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Here's a shocker: People don't talk the way they write, or the way they should write. They have accents; they slur words or runthemtogether. They leave off the "g" at the end of lots of words, and they mispronounce some, forgetting an "r" in "libary" or "Febuary."  Continue reading...
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These days, one often sees mentions of "vocal chords" and "digestive tracks." These spellings are both logical, both frequently seen, and both incorrectly spelled (for now).  Continue reading...
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Neither you nor I set the "rules" of English; we do it together, by using words in certain ways. But we do learn certain "rules," and we can either remember them, forget them, or ignore them. For example, most of us learned that "neither" and "nor" were a pair, like Lucy and Ricky, or peanut butter and jelly.  Continue reading...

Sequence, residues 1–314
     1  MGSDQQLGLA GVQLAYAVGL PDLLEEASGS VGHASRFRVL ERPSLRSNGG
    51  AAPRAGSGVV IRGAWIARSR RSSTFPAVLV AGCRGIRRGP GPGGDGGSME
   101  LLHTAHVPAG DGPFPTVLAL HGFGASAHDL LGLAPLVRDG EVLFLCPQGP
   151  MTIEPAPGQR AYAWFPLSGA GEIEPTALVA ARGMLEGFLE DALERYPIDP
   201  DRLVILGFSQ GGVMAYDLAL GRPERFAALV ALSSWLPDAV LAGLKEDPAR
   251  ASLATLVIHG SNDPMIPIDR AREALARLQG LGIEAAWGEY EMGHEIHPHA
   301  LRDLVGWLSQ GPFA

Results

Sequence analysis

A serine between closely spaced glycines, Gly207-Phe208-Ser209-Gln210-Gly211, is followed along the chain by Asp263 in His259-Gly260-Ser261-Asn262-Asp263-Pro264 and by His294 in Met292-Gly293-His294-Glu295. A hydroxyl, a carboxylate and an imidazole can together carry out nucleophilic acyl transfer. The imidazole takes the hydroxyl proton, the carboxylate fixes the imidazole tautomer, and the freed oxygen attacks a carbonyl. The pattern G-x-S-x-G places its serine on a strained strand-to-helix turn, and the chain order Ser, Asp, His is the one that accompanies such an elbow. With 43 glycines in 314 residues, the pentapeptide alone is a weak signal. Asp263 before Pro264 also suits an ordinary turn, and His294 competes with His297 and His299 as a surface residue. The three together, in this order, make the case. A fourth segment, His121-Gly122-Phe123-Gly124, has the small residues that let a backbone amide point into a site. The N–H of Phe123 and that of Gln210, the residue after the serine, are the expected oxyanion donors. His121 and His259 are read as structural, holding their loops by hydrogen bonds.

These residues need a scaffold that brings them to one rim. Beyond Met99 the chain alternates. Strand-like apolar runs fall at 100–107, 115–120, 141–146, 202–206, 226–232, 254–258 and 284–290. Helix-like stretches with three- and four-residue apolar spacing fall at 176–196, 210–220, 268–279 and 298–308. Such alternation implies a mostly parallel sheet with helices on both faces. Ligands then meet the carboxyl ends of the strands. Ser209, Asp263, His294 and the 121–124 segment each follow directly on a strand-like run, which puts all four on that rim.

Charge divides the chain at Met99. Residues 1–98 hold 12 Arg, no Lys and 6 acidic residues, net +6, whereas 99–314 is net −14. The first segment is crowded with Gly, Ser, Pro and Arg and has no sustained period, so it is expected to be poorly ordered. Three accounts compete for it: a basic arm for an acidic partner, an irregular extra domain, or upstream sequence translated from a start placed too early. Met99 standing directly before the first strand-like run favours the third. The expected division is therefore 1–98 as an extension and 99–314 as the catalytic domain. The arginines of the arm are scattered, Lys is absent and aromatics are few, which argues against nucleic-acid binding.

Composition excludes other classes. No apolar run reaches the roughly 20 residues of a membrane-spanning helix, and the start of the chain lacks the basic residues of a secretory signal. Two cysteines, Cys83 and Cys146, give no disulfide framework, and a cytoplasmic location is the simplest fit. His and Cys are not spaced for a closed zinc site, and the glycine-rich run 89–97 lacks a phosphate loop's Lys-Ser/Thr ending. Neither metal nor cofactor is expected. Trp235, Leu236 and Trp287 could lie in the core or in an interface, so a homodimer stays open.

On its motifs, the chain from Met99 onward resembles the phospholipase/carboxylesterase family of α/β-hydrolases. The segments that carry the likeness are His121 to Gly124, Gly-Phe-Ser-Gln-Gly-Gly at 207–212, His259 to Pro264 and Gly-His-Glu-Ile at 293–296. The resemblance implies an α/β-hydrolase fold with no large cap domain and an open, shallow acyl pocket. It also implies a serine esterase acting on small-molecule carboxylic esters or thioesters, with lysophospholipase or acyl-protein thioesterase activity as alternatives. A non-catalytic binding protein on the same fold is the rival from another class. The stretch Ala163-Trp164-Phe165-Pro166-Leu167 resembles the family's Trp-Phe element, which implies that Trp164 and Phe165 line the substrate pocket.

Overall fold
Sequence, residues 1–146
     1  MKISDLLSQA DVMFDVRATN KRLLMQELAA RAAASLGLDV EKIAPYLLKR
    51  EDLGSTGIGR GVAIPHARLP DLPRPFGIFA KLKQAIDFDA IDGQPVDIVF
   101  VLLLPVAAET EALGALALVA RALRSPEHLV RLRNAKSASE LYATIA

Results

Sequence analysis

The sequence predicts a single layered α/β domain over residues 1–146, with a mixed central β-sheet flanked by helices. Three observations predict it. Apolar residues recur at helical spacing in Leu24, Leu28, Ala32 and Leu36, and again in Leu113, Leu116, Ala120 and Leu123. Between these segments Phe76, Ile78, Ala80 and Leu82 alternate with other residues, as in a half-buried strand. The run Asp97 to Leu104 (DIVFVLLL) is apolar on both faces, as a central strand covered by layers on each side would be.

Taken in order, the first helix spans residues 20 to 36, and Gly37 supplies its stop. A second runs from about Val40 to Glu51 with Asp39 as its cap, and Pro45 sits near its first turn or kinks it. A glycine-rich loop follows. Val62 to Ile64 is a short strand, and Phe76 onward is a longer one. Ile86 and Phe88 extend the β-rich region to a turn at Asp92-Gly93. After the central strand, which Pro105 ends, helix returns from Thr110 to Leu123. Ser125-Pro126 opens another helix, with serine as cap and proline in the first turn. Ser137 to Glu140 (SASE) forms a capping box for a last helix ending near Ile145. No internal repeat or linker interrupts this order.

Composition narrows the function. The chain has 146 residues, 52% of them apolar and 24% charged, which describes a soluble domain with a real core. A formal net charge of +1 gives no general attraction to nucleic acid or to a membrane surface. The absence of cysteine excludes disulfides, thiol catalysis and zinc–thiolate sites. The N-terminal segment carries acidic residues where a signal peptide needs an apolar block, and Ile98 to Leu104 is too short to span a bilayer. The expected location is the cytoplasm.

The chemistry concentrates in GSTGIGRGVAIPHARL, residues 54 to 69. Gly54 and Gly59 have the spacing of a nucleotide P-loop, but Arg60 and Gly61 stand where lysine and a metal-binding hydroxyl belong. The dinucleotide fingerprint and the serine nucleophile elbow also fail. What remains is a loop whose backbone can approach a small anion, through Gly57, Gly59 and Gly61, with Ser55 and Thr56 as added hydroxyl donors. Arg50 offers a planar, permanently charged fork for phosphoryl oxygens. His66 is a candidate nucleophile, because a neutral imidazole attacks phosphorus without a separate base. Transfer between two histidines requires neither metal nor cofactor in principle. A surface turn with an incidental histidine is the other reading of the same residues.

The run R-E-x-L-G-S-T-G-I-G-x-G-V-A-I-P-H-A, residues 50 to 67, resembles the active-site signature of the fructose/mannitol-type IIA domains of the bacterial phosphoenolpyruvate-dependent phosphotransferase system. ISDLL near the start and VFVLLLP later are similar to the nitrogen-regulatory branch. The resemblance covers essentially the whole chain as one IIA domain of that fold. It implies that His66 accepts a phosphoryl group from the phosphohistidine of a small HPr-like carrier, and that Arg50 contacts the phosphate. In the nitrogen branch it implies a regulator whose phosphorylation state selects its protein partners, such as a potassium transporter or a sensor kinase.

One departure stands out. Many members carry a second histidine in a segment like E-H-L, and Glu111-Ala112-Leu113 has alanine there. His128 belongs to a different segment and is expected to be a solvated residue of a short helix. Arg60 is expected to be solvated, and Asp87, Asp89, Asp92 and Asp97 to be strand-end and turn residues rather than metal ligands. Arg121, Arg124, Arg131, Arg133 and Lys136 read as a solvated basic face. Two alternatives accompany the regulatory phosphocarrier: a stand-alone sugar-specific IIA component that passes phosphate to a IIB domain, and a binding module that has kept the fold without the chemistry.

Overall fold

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The editors were discussing a story about the health benefits of a particular type of cactus, and maybe others. The story was called "Cacti." "Is it cactuses or cacti?" one asked. "The plural of cactus is cactuses," another said, adding wryly: "Is the plural of circus circi?"  Continue reading...
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One man "pleaded guilty to DWI." Another "pled guilty of DWI." A third "entered a plea of guilty to DWI charges."

What's going on, aside from way too much drinking?  Continue reading...
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The New York Times recently posted an opinion piece and a short film about a "vigilante copy editor" who was "correcting" placards at the sculpture garden at the Pratt Institute in Brooklyn. Among the hundreds of comments lamenting the proliferation of bad grammar and misspellings in the world were the inevitable swipes at the grammar and spelling of the other commenters, as well as that of The Times.  Continue reading...
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The cashier at the fancy foods store was from Bosnia. "I have so much hard time with English," she said. "Why when you add one letter does whole word change?" She had asked the customer if she had a "dim," and the customer was flummoxed.  Continue reading...
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1 2 3 4 5 Displaying 8-14 of 55 Articles